Saturday, May 28, 2011

Hockey Canada’s annual general meeting is being held in Calgary this weekend.
Bob Nicholson, the organization’s president, addressed delegates on Friday and, as outlined by Allan Maki of the Globe and Mail, he “made an impassioned speech . . . outlining the need for a rule amendment to address all head contact” in minor and female hockey.
Maki’s piece is right here but, in essence, Nicholson has called for penalties for any contact, intentional or accidental, with an opponent’s head.
What this is is a start, although Hockey Canada has had a rule dealing with headshots since 2004. A more thorough rule, as proposed by Nicholson, would be firmer and give referees more latitude in terms of handing out penalties.
This also might be the first step towards zero tolerance and that, more than anything, is what is needed.
Understand that this is all about eliminating head injuries in hockey — not finding better ways to treat them. There always will be head and facial injuries in hockey, witness the puck to the face that was absorbed by Steven Stamkos of the Tampa Bay Lightning on Friday night.
But the concussions that are a result of hits to the head or hits from behind or checks on unsuspecting opponents have to be eliminated. Which, of course, means fighting has to go.
I wrote a column that appeared in the Kamloops Daily News and on this blog on Thursday (May 26). It dealt with concussions and some of the potential after-effects.
Early on Thursday I received a note from the parent of a minor hockey player.
“Great article on concussions,” it read. “My 13-year-old is going to play house next season for that reason. Too many injuries in rep.”
I also heard from someone who holds two season tickets with the Kamloops Blazers:
“A quick note to tell you how much I appreciate the series you have been doing on head injuries related to some of the violent aspects of hockey. I'm encouraged by your criticism of the stay-put attitude of the WHL regarding their lack of initiative to institute any rules to mitigate the possibilities of players suffering concussive-type injuries.
“My wife and I have been Blazers season-ticket holders for more than 15 years. We enjoy the games and we delight in watching the young men who play develop their skills both on and off the ice. As former educators we are aware of the social building skills the WHL experience offers them.
“The aspect of Blazers games that is our greatest concern is the needless violence associated with fighting and the sometimes brutal punishment that is meted out in attempts to ‘stop’ opposition players. We cannot watch young men flailing away at each other while so-called fans stand and scream encouragement, only to have the whole debacle replayed on the jumbo screen immediately following.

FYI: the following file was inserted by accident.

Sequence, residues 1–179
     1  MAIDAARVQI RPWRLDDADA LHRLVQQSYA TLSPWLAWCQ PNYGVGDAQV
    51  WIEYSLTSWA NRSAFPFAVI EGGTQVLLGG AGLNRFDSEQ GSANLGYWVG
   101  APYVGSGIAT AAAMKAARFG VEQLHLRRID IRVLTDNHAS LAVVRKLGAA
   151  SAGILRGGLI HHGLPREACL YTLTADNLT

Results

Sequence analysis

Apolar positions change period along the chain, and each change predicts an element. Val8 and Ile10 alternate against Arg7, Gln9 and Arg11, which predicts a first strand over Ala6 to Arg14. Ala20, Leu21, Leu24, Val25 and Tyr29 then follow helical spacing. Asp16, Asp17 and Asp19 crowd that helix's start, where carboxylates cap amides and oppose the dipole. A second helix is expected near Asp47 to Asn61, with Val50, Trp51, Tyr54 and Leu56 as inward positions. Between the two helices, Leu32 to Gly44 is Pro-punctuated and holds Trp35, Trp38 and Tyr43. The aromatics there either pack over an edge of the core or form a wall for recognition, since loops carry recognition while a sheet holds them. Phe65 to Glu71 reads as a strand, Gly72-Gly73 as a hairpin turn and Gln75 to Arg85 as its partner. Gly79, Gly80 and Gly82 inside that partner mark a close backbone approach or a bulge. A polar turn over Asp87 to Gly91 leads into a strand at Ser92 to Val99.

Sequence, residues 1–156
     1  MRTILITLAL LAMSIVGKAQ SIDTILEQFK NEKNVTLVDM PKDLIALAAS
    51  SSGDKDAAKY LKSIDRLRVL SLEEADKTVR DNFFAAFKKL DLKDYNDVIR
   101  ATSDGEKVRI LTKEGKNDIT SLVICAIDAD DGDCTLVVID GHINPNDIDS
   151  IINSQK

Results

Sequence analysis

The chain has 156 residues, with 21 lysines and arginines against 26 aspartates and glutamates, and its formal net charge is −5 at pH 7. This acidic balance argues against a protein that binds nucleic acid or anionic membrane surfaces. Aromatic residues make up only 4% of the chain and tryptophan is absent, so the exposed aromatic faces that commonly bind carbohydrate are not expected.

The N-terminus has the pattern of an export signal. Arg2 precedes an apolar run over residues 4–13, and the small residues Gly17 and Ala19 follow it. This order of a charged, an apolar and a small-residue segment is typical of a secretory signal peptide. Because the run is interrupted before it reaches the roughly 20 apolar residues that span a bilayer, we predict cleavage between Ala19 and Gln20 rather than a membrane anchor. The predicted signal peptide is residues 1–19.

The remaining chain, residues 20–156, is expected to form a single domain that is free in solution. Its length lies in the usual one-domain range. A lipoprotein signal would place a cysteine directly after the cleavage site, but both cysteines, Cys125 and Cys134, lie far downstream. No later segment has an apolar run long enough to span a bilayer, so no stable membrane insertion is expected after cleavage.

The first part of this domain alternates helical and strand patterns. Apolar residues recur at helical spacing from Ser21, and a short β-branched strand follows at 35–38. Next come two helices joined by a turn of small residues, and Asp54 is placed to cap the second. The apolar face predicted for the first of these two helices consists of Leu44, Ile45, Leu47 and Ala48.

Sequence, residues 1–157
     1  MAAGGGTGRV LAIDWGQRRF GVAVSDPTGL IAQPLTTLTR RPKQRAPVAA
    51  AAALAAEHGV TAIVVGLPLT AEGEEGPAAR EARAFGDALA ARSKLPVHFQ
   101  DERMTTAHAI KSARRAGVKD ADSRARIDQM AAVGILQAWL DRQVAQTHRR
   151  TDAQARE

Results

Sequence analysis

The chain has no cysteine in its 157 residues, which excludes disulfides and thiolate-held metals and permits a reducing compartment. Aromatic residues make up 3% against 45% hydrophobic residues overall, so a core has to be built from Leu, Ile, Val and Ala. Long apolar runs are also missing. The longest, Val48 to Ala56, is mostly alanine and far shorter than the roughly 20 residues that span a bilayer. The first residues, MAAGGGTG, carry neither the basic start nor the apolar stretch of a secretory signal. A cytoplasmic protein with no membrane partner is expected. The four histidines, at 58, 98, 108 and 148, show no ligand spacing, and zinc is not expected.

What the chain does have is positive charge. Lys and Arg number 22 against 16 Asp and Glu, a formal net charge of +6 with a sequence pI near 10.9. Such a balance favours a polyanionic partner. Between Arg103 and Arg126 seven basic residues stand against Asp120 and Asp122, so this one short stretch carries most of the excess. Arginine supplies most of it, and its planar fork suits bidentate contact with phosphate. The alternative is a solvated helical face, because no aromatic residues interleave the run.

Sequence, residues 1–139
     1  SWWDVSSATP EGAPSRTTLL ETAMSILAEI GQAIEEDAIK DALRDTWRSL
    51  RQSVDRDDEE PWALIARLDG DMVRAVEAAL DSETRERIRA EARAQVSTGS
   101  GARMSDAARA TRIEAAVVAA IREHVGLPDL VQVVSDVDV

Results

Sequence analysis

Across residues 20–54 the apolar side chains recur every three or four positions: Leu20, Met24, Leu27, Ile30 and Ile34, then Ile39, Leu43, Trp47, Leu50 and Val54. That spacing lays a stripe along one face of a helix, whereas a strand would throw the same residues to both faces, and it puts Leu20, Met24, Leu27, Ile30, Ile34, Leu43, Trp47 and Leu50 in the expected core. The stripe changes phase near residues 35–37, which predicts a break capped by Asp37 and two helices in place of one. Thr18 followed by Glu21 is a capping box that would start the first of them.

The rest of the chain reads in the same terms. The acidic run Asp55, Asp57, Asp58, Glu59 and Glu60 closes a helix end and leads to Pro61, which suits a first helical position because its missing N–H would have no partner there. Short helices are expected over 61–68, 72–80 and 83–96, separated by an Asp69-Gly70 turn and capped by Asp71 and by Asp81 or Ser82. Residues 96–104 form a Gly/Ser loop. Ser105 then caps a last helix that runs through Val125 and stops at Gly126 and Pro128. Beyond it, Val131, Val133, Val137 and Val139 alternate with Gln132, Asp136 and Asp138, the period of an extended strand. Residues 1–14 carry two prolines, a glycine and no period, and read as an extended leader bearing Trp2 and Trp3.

“We can only think that these boys are somebody's children who seem to be duking it out solely for the satisfaction of an encouraging crowd who, in all likelihood, wouldn't want their kids to be out there running the same risks of debilitating injuries.
“I long for the day that fighting and undisciplined, injurious plays are eliminated from the game.”
This is an issue that simply isn’t going to go away.
You can bet that the WHL’s board of governors and its general managers will be discussing headshots at the league’s annual meeting in Calgary in mid-June.
As much as the neanderthals among us call for fighting and extreme physicality to be left in the game, changes are going to have to be made.
Only time will tell how far the WHL will go. But here’s hoping it is paying attention to what is going on at Hockey Canada’s AGM in Calgary this week.
Because all this talk on concussions isn’t going to go away. In fact, it only will pick up steam as more and more stories are heard and more and more evidence comes out.
If you haven’t already, make sure to read the piece by Toronto Star reporters Rob Cribb and Randy Starkman. The headline is: What killed NHL’s Bill Masterton?
If anything, it shows that concussions aren’t a new problem to the sport of ice hockey.
That piece is right here.
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